Habitat: Powderpost beetles often attack hardwoods, and can be found in hardwood floors, timbers and crates, antiques and other objects made of hardwood materials.

Threats: Some researchers believe that powderpost beetles are second only to termites in the United States in their destructiveness to wood and wood products.

Prevention: Powderpost beetles can be prevented through vigilant inspection of wood sources in the home.

Subterranean Termites

Family Rhinotermitidae

Description: Subterranean termites live in underground colonies or in moist secluded areas aboveground that can contain up to 2 million members. They build distinctive "mud tubes" to gain access to food sources and to protect themselves from open air. Termite colonies are organized into castes depending on tasks -- workers, soldiers and reproductives. The characteristics of a subterranean termite are dependent on the termite's role in the colony. Cream-colored Worker subterranean termites are 1/8 to 3/8's of an inch in length. Soldier subterranean termites are of a similar body length, but are distinguished by their powerful mandibles. Solider termites have cream-colored bodies and brown heads. Reproductive subterranean termites are approximately one inch long.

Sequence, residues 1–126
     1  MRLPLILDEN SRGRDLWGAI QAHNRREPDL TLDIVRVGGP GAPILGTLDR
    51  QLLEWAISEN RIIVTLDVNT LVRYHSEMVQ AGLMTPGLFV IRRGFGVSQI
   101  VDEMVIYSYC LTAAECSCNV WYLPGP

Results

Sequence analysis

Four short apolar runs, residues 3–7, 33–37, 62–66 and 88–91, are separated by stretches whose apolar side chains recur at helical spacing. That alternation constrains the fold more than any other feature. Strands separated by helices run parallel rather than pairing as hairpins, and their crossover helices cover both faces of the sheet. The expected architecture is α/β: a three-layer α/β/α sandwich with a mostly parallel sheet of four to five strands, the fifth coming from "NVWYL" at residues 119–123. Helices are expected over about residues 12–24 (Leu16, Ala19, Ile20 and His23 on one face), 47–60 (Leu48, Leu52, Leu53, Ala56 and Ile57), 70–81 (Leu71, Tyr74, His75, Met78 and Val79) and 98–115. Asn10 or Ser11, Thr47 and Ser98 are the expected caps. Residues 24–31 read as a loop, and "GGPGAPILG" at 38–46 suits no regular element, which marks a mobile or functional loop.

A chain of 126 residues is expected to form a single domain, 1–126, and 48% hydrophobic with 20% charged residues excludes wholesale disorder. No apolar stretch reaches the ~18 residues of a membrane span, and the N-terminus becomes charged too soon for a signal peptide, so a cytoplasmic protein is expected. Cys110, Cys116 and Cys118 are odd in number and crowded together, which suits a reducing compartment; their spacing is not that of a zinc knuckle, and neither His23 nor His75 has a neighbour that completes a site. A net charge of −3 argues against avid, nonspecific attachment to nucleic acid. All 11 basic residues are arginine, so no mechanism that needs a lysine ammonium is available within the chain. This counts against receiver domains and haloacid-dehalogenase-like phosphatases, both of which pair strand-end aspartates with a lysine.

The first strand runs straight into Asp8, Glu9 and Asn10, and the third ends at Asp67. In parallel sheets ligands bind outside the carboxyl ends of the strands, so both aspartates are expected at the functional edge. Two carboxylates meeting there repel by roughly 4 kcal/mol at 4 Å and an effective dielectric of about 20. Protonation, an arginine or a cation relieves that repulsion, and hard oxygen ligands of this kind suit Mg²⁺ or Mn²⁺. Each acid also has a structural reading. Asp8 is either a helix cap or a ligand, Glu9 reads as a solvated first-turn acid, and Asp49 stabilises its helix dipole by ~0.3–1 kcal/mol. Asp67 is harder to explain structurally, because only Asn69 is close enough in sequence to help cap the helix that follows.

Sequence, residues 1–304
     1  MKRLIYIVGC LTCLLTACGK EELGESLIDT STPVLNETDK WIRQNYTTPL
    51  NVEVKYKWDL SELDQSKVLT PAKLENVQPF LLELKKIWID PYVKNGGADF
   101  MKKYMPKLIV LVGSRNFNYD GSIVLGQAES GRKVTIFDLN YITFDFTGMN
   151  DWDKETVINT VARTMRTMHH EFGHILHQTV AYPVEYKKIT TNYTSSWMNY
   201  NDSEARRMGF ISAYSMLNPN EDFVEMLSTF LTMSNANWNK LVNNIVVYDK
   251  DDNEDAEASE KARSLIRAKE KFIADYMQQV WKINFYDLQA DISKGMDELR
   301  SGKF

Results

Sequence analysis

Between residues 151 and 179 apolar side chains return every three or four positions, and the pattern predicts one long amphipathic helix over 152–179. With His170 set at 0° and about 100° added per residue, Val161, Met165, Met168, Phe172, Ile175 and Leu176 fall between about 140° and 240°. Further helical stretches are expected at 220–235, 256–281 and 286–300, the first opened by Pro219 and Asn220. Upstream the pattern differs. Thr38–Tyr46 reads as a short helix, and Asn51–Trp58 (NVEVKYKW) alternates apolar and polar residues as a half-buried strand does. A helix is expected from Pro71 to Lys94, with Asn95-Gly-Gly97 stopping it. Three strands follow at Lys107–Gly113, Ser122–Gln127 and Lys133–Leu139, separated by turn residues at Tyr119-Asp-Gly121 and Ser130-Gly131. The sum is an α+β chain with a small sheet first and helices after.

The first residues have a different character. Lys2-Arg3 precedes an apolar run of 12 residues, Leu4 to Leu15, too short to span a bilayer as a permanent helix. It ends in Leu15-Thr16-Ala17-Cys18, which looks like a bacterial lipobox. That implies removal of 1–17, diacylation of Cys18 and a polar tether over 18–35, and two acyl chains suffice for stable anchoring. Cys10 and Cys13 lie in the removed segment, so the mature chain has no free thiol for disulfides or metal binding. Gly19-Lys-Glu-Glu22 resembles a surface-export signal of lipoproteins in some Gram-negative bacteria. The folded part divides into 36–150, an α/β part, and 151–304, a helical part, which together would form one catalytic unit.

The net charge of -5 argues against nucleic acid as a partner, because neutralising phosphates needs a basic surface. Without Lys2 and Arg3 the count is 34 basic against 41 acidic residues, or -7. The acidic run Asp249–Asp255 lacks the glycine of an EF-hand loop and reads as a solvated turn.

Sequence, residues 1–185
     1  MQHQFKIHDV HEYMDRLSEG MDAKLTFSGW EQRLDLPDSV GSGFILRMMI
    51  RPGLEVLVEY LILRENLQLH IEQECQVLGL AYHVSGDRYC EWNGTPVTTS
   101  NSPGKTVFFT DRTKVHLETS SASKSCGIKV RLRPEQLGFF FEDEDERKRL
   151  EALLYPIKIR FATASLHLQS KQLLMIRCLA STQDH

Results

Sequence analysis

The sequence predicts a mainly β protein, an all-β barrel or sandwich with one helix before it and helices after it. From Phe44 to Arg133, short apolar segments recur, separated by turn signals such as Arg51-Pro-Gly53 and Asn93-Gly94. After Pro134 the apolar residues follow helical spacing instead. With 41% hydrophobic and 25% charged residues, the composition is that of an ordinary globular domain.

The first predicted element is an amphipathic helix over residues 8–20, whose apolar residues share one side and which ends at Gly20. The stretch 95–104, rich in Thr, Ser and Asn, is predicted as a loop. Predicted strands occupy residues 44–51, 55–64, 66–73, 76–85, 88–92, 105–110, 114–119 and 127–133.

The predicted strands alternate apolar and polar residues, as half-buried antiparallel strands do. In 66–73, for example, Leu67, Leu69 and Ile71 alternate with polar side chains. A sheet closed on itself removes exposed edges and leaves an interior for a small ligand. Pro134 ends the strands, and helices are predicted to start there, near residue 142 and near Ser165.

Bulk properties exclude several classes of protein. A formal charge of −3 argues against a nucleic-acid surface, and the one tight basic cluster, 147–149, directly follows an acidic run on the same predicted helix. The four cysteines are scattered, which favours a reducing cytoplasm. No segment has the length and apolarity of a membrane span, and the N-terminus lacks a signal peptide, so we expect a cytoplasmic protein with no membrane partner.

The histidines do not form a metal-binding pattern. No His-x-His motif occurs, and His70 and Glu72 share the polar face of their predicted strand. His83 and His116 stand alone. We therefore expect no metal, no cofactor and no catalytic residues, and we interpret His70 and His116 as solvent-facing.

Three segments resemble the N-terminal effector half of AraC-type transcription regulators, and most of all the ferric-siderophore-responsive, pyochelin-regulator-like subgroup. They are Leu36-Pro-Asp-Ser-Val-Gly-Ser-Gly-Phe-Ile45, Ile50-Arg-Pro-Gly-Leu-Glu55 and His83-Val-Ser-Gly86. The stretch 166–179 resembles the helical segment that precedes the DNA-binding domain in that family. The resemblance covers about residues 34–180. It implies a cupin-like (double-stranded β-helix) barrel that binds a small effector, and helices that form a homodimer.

Color: Lite Brown

Legs: 6

Shape: Long, Narrow, Oval

Size: 1/8"

Antennae: True

Habits: Subterranean termites live underground and build tunnels, referred to as mud tubes, to reach food sources. Like other termite species, they feed on products containing cellulose. Subterranean termites swarm in the spring -groups of reproductive termites go off to start new colonies.

Habitat: Subterranean termites need contact with the soil to survive and live underground. They can build tunnels through cracks in concrete.

Threats: Subterranean termites are by far the most destructive species. They can collapse a building entirely, meaning possible financial ruin for a homeowner. The hard, saw-toothed jaws of termites work like shears and are able to bite off extremely small fragments of wood, one piece at a time.

Prevention: Avoid water accumulation near your home's foundation. Divert water away with properly functioning downspouts, gutters and splash blocks. Reduce humidity in crawl spaces with proper ventilation. Never bury wood scraps or waste lumber in the yard. Most importantly, eliminate wood contact with the soil. Maintain a one-inch gap between the soil and wood portions of the building.